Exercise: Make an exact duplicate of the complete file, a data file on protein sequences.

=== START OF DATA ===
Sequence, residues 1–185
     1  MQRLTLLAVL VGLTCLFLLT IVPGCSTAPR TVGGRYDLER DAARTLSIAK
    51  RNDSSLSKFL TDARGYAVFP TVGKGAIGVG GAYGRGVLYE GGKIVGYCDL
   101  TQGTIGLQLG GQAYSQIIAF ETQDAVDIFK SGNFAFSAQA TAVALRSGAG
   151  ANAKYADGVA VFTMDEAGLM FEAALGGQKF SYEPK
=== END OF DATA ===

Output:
Sequence, residues 1–185
     1  MQRLTLLAVL VGLTCLFLLT IVPGCSTAPR TVGGRYDLER DAARTLSIAK
    51  RNDSSLSKFL TDARGYAVFP TVGKGAIGVG GAYGRGVLYE GGKIVGYCDL
   101  TQGTIGLQLG GQAYSQIIAF ETQDAVDIFK SGNFAFSAQA TAVALRSGAG
   151  ANAKYADGVA VFTMDEAGLM FEAALGGQKF SYEPK